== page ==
Today, Pictet Wealth Management released the 2021 edition of Horizon, its 10-year view on economies, expected returns and strategic asset allocation. For the first time, Horizon analyses the impact of climate issues on economic and financial markets in the years to come.
“As governments and central banks steadily integrate climate-change issues into their policy making, we expect these issues to affect everything from asset-class dynamics to strategic asset allocation and investing styles.” explains Christophe Donay, Head of Asset Allocation and Macro Research at Pictet Wealth Management. “With the covid-19 crisis not fully behind us and its long-term consequences still unknown, the main focus in this year’s Horizon is the rapidly growing importance that climate-related issues will have on economic and financial markets”.
Looking at this edition of Horizon, “Equities are likely to be the asset class most impacted overall,” says Donay, “and we believe that risk assets could involve pitfalls at a time when portfolios’ carbon intensity is coming under increasing scrutiny”.
Covering 50 asset classes in five currencies, this edition of Horizon identifies ten key trends and issues which are expected to shape the future of investing.
- Transition towards low-carbon economies will be at the heart of economic and financial-market dynamics over the next 10 years. While our initial analysis suggests that the physical impact of climate change may have relatively limited repercussions on the returns of most asset classes, the transition efforts required under the terms of the 2015 Paris agreement will influence economies and asset classes over the coming 10 years.
- Climate change should enhance growth in most places. We see climate change as having a positive impact on the growth trajectory of Europe and, to a lesser extent, China over the next 10 years. For the US, the relative importance of hydrocarbon industries to its economy means the issue is less clear-cut. Depending on the policy decisions taken, climate change could have a negative impact on the US’s prospects in the short term. However, the US has always shown its capacity to surprise on the upside, with the Biden administration already moving fast to address climate concerns in its recovery plans.
- Climate change could contribute to a moderate increase in inflation. Adapting economic policies to deal with climate issues could have a positive impact on countries’ growth and boost productivity in such a way that production costs are kept under control and inflation spikes avoided. We have upgraded our inflation expectations accordingly by an average 0.1% per year in China, the US and Europe. Taking into account the inflationary impact of dealing with climate change, we have increased our forecast for the US 10-year Treasury yield from 2.5% to 3% in 10 years’ time.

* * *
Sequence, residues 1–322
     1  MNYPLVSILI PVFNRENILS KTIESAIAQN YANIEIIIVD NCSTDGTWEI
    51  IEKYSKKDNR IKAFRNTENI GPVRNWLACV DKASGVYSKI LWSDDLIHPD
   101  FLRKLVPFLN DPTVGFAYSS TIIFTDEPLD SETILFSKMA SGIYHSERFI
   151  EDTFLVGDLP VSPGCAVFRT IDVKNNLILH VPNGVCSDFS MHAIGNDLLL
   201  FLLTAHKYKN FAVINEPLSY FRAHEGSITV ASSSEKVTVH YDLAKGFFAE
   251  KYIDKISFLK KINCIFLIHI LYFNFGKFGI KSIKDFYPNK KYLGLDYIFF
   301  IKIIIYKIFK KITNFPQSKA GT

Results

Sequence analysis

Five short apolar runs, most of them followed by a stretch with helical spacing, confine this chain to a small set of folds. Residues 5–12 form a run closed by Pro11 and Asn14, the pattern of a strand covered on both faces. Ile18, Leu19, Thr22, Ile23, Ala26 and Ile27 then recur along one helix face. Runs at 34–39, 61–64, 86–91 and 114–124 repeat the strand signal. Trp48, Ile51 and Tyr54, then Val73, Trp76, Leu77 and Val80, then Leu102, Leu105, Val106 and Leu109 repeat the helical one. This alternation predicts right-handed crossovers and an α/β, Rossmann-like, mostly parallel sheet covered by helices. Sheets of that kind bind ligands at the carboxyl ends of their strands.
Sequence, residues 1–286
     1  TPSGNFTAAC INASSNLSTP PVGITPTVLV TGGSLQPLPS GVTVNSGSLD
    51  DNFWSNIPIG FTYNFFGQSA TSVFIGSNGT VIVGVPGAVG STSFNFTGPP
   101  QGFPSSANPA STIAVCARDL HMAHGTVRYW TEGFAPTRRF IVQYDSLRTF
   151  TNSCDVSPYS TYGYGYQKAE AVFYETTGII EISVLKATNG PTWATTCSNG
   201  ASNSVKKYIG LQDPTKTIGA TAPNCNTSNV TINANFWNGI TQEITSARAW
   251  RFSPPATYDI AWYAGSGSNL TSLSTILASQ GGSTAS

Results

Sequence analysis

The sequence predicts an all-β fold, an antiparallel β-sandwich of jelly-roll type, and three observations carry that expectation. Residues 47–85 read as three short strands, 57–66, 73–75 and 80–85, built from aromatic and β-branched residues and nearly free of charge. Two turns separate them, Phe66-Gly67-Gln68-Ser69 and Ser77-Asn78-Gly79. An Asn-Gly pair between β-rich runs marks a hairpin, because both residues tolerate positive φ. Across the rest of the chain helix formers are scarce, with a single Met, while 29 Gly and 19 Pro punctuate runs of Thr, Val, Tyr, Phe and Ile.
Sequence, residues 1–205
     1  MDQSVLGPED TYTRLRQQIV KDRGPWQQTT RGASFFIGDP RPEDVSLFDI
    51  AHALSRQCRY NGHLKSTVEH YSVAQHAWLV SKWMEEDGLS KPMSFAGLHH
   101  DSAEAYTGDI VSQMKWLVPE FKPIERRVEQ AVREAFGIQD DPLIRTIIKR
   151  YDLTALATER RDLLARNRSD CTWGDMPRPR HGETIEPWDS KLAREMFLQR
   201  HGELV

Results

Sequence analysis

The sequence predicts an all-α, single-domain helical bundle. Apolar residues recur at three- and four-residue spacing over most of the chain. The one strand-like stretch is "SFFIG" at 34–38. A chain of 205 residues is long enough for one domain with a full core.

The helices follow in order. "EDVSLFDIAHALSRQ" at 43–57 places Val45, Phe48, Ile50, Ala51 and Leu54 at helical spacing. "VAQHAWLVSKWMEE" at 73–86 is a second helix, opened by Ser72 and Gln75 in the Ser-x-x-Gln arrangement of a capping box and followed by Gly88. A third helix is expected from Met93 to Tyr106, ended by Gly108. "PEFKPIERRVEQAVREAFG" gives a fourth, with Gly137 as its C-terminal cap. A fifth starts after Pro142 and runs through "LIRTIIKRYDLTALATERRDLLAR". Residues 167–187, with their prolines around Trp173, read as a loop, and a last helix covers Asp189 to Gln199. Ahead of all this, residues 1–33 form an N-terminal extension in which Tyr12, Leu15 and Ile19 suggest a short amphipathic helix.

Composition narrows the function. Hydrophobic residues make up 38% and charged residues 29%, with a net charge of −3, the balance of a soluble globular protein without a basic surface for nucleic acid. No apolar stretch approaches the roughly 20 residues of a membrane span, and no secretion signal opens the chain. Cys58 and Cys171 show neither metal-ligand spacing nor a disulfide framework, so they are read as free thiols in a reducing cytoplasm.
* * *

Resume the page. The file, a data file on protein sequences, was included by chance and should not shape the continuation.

- Cash is not close to regaining its throne. We expect an average nominal return of 1% for US cash over the next 10 years – but a negative real return.
- Society will choose discount rates. Through the discount rate, investors evaluate opportunities according to their net present value. We believe it will be societies rather than market mechanisms that fix the discount rate to ensure that long-term climate initiatives are properly funded.
- Equity returns will decline. We expect returns from equities to remain enduringly lower than the historical annual average of 9%. Along with Chinese equities, the equities of disruptive innovative companies should continue to offer the most attractive returns.
- Illiquidity and private assets present potential for active managers. Private equity should continue to deliver highly attractive returns over the next 10 years in exchange for accepting a large degree of illiquidity. Of the 50 asset classes covered in Horizon, our return expectations are highest for venture capital (10.6% per annum) and private equity (9.4%).
- Real assets have a place in strategic asset allocations. The rise in inflationary pressure we expect because of energy-transition policies is a further argument in favour of including real assets in strategic asset allocations as those are among the most effective inflation hedges.
- Trends continue to strengthen the case for endowment-style investing. A classic 60/40 portfolio (60% equities, 40% bonds) may be suboptimal at times of higher inflation. From a strategic asset allocation perspective, the multi-asset approach adopted by endowment funds may be more appropriate, as they include a range of real assets that protect against inflation.
- Asset allocations should include Chinese assets. Chinese government bonds offer more attractive yields than their developed-market peers, helped by the prospect of renminbi strengthening, while our analysis also shows Chinese equities could offer superior risk-adjusted returns over the next 10 years.